In reviewing evidentiary sufficiency in diversity cases, we have “generally applied the appropriate state sufficiency standard where the issue has not been raised by the parties and the state and federal standards are similar.” Carper v. State Farm Mut. Ins. Co., 758 F.2d 337, 340 (8th Cir.1985); see also Hanson v. Ford Motor Co., 278 F.2d 586, 589–90 (8th Cir.1960) (Blackmun, J.) (considering the question open after Dick v. N.Y. Life Ins. Co., 359 U.S. 437, 444–45 (1959), and applying the state standard); cf. Mercer v. Theriot, 377 U.S. 152, 156 (1964) (per curiam) (“The evidence was sufficient under any standard which might be appropriate-state or federal.”); Keenan v. Computer Assocs. Int'l, Inc., 13 F.3d 1266, 1269 n. 3 (8th Cir.1994) (noting “some uncertainty about whether federal courts should apply state law standards or federal law standards to motions for a judgment notwithstanding the verdict in diversity cases” before deciding “[w]e need not be concerned with this dispute as the federal standard and the [applicable state] standard [we]re virtually identical”). But see Farner v. Paccar, Inc., 562 F.2d 518, 522 (8th Cir.1977) (applying the federal standard).

We consistently have held the Iowa sufficiency standard is “substantially the same” as the federal standard. Ozark Air Lines, Inc. v. Larimer, 352 F.2d 9, 11 (8th Cir.1965); see also, e.g., Chadima v. Nat'l Fid. Life Ins. Co., 55 F.3d 345, 347 n. 5 (8th Cir.1995); Carper, 758 F.2d at 340 (analyzing Osborn v. Massey–Ferguson, Inc., 290 N.W.2d 893, 901 (Iowa 1980)). Both standards demand substantial evidence to support the jury's verdict and require us to view the evidence in the light most favorable to United Fire, drawing all reasonable inferences to its benefit. See Ozark Air Lines, 352 F.2d at 11 (citing Ellingson v. Kramer, 125 N.W.2d 777, 780 (Iowa 1964)); Van Sickle Constr. Co. v. Wachovia Commercial Mortg., Inc., 783 N.W.2d 684, 687 (Iowa 2010) (“Evidence is substantial if a reasonable mind would find it adequate to support a finding.”). “[I]f reasonable minds could differ on an issue when the evidence is viewed in the light most favorable to the nonmoving party, then it was appropriate to submit the issue to the jury and the jury's verdict should be upheld.” Lamb v. Manitowoc Co., 570 N.W.2d 65, 68 (Iowa 1997); accord Structural Polymer Grp. v. Zoltek Corp., 543 F.3d 987, 991 (8th Cir.2008) (explaining we will not reverse a jury verdict “unless no reasonable juror could have reached the same conclusion”).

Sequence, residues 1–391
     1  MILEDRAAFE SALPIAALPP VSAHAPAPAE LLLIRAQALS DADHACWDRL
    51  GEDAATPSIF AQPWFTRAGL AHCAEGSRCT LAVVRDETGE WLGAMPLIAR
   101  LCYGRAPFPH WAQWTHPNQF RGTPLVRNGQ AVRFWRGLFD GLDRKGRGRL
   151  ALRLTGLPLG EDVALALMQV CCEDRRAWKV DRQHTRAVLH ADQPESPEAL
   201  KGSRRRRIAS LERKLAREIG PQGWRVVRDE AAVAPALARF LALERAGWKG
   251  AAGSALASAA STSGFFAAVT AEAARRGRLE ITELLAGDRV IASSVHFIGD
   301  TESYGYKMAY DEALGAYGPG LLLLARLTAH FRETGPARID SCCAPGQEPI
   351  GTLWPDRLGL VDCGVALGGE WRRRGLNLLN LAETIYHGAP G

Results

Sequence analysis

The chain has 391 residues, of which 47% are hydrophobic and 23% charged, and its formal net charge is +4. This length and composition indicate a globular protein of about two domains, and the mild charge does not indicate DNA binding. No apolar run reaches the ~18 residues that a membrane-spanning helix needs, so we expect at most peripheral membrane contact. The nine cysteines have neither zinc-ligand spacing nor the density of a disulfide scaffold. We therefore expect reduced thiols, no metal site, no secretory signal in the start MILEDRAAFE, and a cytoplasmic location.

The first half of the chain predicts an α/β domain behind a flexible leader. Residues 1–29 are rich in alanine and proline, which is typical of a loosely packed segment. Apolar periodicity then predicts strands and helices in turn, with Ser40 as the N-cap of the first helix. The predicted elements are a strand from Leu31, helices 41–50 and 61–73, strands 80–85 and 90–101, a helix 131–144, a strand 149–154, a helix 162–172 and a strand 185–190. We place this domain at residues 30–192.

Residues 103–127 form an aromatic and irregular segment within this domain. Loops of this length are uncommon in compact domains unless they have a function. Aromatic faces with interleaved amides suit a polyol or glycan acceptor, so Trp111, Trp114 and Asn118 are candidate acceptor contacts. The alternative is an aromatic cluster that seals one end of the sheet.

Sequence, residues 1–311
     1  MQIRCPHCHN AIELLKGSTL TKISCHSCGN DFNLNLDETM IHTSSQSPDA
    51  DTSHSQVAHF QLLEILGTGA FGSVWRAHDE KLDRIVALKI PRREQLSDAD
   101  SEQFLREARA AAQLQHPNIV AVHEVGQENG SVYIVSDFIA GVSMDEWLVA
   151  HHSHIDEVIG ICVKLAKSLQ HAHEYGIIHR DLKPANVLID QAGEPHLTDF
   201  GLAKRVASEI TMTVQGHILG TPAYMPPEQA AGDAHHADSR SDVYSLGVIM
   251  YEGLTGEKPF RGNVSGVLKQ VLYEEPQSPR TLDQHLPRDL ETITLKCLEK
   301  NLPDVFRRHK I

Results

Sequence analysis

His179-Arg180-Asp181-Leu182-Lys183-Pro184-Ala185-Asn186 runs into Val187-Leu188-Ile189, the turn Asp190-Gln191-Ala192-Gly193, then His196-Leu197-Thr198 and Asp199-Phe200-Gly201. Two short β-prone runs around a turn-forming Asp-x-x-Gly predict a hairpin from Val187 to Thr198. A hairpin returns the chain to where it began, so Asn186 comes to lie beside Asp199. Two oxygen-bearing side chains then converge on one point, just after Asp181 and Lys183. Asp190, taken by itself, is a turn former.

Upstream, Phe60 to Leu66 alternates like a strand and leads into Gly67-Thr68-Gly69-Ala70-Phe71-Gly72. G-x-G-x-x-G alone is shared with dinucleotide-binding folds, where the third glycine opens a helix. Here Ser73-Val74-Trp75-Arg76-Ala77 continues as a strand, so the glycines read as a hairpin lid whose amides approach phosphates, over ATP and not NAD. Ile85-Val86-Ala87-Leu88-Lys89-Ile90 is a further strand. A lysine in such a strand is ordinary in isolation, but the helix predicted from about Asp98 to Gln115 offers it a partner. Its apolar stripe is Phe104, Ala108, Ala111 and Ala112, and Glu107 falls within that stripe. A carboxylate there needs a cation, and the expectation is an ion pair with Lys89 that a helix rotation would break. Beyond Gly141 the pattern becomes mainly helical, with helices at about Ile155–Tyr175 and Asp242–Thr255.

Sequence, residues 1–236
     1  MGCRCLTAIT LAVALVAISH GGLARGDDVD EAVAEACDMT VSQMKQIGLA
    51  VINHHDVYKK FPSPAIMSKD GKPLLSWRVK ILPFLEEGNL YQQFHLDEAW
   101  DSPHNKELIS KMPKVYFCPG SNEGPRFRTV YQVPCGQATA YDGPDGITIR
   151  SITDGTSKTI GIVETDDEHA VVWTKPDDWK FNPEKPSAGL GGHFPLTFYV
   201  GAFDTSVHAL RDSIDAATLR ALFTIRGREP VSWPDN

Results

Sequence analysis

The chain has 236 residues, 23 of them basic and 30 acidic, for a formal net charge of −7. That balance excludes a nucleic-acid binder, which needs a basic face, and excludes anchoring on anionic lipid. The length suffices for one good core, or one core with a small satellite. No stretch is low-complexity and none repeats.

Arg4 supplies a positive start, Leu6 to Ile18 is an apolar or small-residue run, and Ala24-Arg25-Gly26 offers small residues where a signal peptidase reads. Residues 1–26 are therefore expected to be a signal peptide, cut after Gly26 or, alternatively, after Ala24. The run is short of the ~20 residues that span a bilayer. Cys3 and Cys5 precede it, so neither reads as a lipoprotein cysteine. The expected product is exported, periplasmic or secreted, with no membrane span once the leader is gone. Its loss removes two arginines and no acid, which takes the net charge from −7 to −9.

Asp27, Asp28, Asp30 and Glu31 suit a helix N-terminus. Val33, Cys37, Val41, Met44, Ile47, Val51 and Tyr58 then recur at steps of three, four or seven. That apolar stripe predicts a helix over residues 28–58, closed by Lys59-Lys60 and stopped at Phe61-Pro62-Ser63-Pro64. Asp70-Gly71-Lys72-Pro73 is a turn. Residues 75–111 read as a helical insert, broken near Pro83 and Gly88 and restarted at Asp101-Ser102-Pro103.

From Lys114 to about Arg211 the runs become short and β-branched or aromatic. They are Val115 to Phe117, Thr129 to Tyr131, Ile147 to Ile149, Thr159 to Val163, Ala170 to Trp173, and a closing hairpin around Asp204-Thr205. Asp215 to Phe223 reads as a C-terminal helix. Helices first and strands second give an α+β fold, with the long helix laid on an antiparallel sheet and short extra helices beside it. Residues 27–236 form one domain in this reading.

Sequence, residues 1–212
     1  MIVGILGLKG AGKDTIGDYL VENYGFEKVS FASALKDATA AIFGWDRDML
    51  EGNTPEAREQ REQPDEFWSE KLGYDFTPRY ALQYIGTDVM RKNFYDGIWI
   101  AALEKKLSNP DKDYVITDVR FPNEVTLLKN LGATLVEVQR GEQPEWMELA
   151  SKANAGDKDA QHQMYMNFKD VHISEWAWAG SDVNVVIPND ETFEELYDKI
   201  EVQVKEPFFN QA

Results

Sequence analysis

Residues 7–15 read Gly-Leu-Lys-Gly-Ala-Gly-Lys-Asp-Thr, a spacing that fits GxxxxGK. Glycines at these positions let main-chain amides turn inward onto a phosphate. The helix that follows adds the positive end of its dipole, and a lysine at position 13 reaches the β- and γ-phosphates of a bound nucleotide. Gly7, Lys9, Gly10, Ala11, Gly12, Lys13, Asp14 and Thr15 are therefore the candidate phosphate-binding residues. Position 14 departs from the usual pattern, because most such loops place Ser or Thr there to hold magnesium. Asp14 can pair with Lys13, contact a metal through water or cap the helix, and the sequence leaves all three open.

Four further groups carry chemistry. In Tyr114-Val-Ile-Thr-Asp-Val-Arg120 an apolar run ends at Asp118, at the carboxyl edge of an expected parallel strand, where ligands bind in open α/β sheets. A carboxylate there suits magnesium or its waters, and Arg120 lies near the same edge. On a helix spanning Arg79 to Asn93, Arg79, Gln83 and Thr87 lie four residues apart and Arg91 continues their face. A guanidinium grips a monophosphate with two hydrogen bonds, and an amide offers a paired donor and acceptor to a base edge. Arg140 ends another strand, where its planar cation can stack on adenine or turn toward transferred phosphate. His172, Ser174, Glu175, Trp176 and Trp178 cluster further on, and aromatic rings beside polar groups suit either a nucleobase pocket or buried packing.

“The standard for granting a motion for new trial is higher still.” Howard v. Mo. Bone & Joint Ctr., Inc., 615 F.3d 991, 995 (8th Cir.2010). We will only reverse the denial of a new trial motion for an abuse of discretion. See Lockley v. Deere & Co., 933 F.2d 1378, 1385 (8th Cir.1991). “Where, as here, the ‘basis of the motion for a new trial is that the jury's verdict is against the weight of the evidence, the district court's denial of the motion is virtually unassailable on appeal.’ “ Wood v. Minn. Mining & Mfg. Co., 112 F.3d 306, 311 (8th Cir.1997) (quoting Keenan, 13 F.3d at 1269). “The key question is whether a new trial should have been granted to avoid a miscarriage of justice.” Keenan, 13 F.3d at 1269.

With these standards in mind, we conclude the district court properly denied Michigan Millers's post-trial motion. In a decision unchallenged on appeal, the district court decided as a matter of law that Asoyia did not substantially comply with the notice provision of the Michigan Millers policies. Under Iowa law, that failure gives rise to a presumption of prejudice to Michigan Millers. See Met–Coil Sys. Corp. v. Columbia Cas. Co., 524 N.W.2d 650, 654 (Iowa 1994). But the presumption is rebuttable upon a “satisfactory showing of lack of prejudice,” in which case, Michigan Millers must prove actual prejudice to warrant denying coverage. Id.

To resolve those issues, the special verdict form asked the jury to answer two related questions: (1) “Did Defendant United Fire prove facts which show that Plaintiff Michigan Millers was not prejudiced by delayed notice of the fire?”; and (2) if so, “Did Plaintiff Michigan Millers prove that it was actually prejudiced by delayed notice of the fire?” The jury instructions did not specifically define prejudice but instructed the jury to consider, as to the first question, whether “the fire investigation by United Fire and the Waterloo Fire Department was sufficiently thorough and the evidence was sufficiently well-preserved to allow Michigan Millers to fully investigate the fire after it received notice in May 2009, and that Michigan Millers never attempted to investigate.” As to the second question, the instructions queried whether Michigan Millers lost the opportunity to try “to settle the claim” or “to conduct, direct, or participate in a meaningful fire investigation.” See, e.g., Fireman's Fund Ins. Co. v. ACC Chem. Co., 538 N.W.2d 259, 266 (Iowa 1995) (en banc) (discussing factors relevant to prejudice).

On this record, it was not unreasonable for the jury to determine Michigan Millers suffered no prejudice from Asoyia's delay in giving notice. Over the course of the four-day trial, United Fire presented detailed testimonial and documentary evidence that a reasonable jury could find sufficient to rebut the presumption of prejudice. With the aid of some of the hundreds of photographs they took, Fire Marshal Boesen, Abeltins, and other investigators thoroughly described their investigatory processes, explaining their methods and cataloguing the physical evidence they documented and preserved.